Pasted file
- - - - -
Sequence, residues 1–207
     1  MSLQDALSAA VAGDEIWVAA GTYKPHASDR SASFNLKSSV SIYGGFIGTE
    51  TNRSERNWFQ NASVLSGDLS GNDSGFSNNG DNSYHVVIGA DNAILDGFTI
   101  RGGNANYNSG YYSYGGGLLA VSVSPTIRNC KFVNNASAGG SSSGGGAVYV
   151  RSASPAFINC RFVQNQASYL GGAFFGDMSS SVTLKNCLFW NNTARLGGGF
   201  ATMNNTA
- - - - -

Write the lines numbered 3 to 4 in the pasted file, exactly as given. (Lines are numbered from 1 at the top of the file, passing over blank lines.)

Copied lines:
    51  TNRSERNWFQ NASVLSGDLS GNDSGFSNNG DNSYHVVIGA DNAILDGFTI
   101  RGGNANYNSG YYSYGGGLLA VSVSPTIRNC KFVNNASAGG SSSGGGAVYV